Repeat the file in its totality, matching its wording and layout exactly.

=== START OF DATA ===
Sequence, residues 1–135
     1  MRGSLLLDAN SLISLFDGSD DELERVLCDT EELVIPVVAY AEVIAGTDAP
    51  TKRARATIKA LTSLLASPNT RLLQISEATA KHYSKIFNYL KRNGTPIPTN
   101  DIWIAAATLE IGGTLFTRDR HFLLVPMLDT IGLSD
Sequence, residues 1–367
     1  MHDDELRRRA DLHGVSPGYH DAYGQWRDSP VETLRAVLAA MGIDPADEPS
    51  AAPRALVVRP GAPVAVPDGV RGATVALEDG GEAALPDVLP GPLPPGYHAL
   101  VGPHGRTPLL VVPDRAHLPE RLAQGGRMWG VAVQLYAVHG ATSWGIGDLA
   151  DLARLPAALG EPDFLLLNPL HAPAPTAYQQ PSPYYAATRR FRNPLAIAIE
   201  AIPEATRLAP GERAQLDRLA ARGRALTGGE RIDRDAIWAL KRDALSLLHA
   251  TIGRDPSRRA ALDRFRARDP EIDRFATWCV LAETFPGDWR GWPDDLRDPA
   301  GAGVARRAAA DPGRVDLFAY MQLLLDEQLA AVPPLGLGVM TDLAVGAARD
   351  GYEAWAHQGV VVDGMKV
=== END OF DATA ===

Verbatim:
Sequence, residues 1–135
     1  MRGSLLLDAN SLISLFDGSD DELERVLCDT EELVIPVVAY AEVIAGTDAP
    51  TKRARATIKA LTSLLASPNT RLLQISEATA KHYSKIFNYL KRNGTPIPTN
   101  DIWIAAATLE IGGTLFTRDR HFLLVPMLDT IGLSD
Sequence, residues 1–367
     1  MHDDELRRRA DLHGVSPGYH DAYGQWRDSP VETLRAVLAA MGIDPADEPS
    51  AAPRALVVRP GAPVAVPDGV RGATVALEDG GEAALPDVLP GPLPPGYHAL
   101  VGPHGRTPLL VVPDRAHLPE RLAQGGRMWG VAVQLYAVHG ATSWGIGDLA
   151  DLARLPAALG EPDFLLLNPL HAPAPTAYQQ PSPYYAATRR FRNPLAIAIE
   201  AIPEATRLAP GERAQLDRLA ARGRALTGGE RIDRDAIWAL KRDALSLLHA
   251  TIGRDPSRRA ALDRFRARDP EIDRFATWCV LAETFPGDWR GWPDDLRDPA
   301  GAGVARRAAA DPGRVDLFAY MQLLLDEQLA AVPPLGLGVM TDLAVGAARD
   351  GYEAWAHQGV VVDGMKV